For Peloton, 2022 has been a tough ride
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2022 has seen highs and lows for retail – an industry that has been uprooted during the COVID-19 pandemic and has seen e-commerce rise.
This year has seen a decrease in pandemic restrictions, showing that brick and mortar still holds power. Consumers are also returning to in-person gatherings, with data from market research firm Mintel in March showing that just 15% of users felt digital fitness platforms eliminated the need for in-person gyms. And 2022 has also brought a new set of challenges in the form of inflation as consumers shift their focus away from discretionary purchases.
These new trends are causing problems for home gym brand Peloton. The business flourished at the start of the pandemic, when consumers needed to exercise at home as gyms were forced to close. Some people even had a little extra cash to spend from stimulus checks, which helps a brand like Peloton that sells high-priced gear. This sent its stock price up – temporarily.
However, the recent economic shift has resulted in lower revenue, higher net losses and lower membership for Peloton. This expensive piece of equipment seems even more expensive for a consumer who cares about paying for his groceries. Faced with these facts, the company has attempted to grow its customer base, including moving away from its direct-to-consumer sales model. The company also changed its rates, appointed a new CEO and laid off workers throughout the year.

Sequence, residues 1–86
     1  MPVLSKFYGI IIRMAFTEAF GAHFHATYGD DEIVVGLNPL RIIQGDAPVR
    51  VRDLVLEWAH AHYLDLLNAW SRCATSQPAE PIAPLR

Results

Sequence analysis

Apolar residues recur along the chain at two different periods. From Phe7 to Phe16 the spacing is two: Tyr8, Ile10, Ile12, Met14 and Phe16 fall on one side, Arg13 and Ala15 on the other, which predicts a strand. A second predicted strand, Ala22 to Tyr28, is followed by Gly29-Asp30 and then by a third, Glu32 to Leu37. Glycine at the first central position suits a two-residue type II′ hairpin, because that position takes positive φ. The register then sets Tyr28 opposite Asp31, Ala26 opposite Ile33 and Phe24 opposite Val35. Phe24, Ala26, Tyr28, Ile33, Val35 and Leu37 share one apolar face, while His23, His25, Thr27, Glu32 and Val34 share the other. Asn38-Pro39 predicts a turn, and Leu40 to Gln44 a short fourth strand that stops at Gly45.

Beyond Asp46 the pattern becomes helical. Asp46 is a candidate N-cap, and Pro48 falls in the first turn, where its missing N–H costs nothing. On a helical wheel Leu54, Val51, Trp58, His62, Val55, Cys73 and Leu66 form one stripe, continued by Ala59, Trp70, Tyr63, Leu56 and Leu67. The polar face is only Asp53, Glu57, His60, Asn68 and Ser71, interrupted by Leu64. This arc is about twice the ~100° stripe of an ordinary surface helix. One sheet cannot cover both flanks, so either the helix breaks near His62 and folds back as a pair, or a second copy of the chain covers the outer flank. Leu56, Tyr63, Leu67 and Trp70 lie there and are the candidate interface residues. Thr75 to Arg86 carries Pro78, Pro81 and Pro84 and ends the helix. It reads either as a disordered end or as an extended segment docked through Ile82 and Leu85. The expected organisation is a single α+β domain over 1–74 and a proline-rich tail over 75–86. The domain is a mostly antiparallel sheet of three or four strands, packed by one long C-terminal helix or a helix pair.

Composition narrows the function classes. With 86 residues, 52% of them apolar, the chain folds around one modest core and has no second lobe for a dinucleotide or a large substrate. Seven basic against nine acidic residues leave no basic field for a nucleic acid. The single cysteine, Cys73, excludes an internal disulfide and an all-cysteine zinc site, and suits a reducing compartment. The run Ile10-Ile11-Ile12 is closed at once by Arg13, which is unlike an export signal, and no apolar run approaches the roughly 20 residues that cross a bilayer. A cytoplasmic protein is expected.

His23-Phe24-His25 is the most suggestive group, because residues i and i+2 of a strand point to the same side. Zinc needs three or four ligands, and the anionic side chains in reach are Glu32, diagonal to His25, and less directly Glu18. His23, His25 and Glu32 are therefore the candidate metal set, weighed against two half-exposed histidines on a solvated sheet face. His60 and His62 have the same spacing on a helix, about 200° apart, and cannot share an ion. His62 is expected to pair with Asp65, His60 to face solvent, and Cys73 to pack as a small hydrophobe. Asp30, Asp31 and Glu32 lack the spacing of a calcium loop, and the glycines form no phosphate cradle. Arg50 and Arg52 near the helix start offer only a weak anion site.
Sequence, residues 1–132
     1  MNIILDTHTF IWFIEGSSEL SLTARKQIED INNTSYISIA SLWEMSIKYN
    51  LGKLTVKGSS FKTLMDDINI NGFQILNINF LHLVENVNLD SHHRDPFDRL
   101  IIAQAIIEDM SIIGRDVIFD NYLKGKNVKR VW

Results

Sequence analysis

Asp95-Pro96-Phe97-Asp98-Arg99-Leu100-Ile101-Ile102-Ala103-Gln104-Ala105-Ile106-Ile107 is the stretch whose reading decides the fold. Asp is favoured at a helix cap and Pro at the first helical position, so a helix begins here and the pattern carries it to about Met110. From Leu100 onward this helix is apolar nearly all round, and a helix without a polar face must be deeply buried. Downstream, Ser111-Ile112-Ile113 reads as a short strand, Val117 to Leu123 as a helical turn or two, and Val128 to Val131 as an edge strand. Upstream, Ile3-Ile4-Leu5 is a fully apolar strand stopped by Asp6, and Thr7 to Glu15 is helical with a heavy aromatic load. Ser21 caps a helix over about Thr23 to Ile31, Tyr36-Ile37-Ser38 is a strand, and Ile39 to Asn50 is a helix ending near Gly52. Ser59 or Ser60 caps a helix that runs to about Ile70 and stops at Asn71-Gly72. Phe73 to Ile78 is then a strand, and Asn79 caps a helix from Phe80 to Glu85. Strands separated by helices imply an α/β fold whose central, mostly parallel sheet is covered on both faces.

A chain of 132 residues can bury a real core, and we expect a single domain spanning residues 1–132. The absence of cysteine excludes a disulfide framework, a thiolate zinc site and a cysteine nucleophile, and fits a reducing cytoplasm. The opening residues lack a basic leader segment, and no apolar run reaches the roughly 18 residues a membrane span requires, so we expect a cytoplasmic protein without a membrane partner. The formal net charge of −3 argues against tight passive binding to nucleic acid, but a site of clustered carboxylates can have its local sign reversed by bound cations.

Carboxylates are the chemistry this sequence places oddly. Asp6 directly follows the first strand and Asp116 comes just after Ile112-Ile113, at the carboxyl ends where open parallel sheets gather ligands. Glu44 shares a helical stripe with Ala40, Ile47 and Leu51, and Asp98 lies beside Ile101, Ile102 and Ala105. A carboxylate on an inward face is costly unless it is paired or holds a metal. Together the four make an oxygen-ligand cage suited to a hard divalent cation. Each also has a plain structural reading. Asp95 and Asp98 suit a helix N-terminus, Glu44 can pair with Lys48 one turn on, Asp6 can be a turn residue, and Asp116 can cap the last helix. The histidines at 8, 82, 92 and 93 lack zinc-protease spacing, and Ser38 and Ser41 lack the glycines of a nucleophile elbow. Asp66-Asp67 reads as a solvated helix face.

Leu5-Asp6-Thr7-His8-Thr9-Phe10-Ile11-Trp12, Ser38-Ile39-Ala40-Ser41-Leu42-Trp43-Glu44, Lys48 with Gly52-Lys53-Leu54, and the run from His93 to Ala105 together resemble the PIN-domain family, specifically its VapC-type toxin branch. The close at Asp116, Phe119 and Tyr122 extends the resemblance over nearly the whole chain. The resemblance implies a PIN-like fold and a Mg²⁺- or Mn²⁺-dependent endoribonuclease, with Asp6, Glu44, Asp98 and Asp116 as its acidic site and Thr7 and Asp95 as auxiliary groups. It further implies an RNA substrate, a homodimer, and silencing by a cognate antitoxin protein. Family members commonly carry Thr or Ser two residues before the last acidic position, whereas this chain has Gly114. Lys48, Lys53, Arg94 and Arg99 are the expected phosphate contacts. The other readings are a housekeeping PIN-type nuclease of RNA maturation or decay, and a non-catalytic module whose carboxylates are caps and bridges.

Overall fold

“Unfortunately for Peloton, the business reshuffle is taking place in a very competitive environment,” GlobalData chief executive Neil Saunders said in emailed comments earlier this year. “Big brands like Lululemon are more course and service oriented. And smaller upstarts like Tonal are also taking bites out of the market. In this environment, Peloton is going to have to work incredibly hard to stand out, especially now that the general market trends are not blowing in its favor.
Here’s a look at the growing number of changes the brand has made in 2022.